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China Mulls Launching Digital Yuan-Based Exchange in Beijing

2 mins
Updated by Kyle Baird
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In Brief

  • China is considering establishing an exchange for trading digital assets in Beijing.
  • As part of the State Council’s plan to support financial services in the capital, the exchange will also serve to promote the use of the digital yuan.
  • Efforts to hasten development of the central bank digital currency (CBDC) have been ramping up recently.
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China is considering establishing an exchange for trading digital assets in Beijing. As part of the State Council’s plan to support financial services in the capital, the exchange will also serve to promote the use of the digital yuan.

Efforts to hasten the development of its central bank digital currency (CBDC) have been ramping up recently. For instance, the cabinet has asked for faster trials and compelled institutional banks to establish the necessary infrastructure with firms. 

A digital yuan for digital dominance

These comprise the latest in China’s efforts to become the leading blockchain power in the world within the next five years by effectively nationalizing the industry through the banning of private cryptocurrencies and the promotion of the digital yuan. Earlier this year, China’s Ministry of Industry and Information Technology and the Office of the Central Cyberspace Affairs Commission jointly issued guidelines for blockchain development, hoping to make it the most advanced in the world by integrating it into the Chinese economy and society. 

This helps to contextualize the efforts China has made over the past year to ban cryptocurrency trading and mining in the country, despite previously having the highest hash rate globally. Last month, the People’s Bank of China (PBOC) issued another statement on cryptocurrencies effectively banning any crypto-related business from operating in mainland China. It then added crypto mining firms to a “negative list” that banned any foreign investment into such enterprises. Additionally, China’s National Development and Reform Commission (NDCR) has added cryptocurrency mining to its blacklist.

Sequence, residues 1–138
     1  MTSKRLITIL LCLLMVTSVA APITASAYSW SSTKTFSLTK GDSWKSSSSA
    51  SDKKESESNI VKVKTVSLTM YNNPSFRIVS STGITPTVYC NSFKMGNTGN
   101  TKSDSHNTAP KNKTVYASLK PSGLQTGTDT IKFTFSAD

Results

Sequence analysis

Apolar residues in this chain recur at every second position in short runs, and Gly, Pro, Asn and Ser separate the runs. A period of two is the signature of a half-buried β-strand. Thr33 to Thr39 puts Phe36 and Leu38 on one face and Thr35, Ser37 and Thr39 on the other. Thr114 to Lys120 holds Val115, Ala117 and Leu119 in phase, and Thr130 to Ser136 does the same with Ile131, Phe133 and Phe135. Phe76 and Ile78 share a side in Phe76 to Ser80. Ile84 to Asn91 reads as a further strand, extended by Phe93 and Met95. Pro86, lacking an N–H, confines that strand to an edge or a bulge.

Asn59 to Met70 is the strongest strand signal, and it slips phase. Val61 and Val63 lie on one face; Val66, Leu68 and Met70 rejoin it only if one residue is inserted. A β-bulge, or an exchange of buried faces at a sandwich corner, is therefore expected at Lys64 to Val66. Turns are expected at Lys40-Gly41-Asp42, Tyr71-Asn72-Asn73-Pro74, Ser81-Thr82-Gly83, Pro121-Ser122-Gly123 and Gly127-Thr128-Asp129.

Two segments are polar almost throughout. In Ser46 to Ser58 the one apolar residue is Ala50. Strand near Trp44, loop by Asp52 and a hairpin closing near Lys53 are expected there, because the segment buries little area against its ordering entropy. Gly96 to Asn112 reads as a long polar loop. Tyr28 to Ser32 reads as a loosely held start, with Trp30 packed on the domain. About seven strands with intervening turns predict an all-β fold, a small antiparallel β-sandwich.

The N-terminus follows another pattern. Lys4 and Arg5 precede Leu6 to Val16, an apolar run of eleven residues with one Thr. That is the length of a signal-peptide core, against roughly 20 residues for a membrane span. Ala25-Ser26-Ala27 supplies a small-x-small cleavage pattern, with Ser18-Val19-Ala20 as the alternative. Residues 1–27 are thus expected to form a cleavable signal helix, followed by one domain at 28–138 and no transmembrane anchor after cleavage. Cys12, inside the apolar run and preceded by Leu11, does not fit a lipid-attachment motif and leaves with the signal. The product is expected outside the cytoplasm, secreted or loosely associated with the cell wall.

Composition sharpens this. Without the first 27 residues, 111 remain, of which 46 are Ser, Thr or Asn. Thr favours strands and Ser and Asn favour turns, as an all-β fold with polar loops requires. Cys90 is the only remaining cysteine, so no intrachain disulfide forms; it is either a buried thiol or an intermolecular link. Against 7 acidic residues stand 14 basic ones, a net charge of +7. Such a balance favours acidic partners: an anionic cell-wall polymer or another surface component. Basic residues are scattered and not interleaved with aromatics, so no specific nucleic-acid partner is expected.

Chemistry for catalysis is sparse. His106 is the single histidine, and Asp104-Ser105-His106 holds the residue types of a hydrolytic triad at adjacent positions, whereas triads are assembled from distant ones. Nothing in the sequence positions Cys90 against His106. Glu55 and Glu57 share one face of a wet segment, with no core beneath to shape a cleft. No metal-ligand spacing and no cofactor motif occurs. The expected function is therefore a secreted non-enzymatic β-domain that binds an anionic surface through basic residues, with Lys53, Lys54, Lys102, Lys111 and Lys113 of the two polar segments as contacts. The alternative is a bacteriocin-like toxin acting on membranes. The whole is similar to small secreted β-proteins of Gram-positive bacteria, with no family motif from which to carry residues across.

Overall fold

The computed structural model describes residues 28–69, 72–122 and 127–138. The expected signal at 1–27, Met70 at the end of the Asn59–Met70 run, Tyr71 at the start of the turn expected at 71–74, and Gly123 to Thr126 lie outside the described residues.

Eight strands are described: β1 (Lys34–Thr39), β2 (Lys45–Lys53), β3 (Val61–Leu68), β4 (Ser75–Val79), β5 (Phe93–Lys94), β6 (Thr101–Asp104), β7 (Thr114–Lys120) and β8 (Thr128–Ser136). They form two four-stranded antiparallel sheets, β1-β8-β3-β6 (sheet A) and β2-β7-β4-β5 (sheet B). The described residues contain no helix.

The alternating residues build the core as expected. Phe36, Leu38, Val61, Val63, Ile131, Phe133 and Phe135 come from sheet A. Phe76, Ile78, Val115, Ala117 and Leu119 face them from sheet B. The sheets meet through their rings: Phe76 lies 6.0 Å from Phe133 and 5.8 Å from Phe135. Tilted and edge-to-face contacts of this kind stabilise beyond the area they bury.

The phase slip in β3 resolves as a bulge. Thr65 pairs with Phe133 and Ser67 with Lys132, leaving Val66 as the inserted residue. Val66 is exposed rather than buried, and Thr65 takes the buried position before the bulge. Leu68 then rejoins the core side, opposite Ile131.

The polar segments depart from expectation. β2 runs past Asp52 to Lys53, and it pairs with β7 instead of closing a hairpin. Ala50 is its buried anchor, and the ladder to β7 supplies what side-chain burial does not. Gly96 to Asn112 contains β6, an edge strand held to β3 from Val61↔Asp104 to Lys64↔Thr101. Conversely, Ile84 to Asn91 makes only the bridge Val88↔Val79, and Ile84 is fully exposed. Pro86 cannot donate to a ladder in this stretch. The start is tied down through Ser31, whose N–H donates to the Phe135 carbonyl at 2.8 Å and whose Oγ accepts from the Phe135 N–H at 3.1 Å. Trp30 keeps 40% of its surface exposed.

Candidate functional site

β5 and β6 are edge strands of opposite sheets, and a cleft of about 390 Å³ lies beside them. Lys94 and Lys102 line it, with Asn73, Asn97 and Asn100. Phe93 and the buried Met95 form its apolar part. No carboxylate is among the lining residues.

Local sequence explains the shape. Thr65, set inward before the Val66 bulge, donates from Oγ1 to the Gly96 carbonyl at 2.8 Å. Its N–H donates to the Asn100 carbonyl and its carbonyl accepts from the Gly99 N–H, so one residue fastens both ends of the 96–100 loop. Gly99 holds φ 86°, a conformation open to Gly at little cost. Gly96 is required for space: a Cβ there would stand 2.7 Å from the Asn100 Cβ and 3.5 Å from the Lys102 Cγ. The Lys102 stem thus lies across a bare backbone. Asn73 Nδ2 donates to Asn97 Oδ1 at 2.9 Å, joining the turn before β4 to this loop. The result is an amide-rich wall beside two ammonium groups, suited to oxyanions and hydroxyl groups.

China has been in the process of creating a virtual version of its legal tender since 2014. Several trials took place across multiple cities last year, which encouraged the use of the digital yuan between consumers and merchants. Although initial feedback had been unenthusiastic, authorities have continued to press on and a broader rollout is expected during the Winter Olympics being held next year in Beijing.

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Nicholas Pongratz
Nick is a data scientist who teaches economics and communication in Budapest, Hungary, where he received a BA in Political Science and Economics and an MSc in Business Analytics from CEU. He has been writing about cryptocurrency and blockchain technology since 2018, and is intrigued by its potential economic and political usage.
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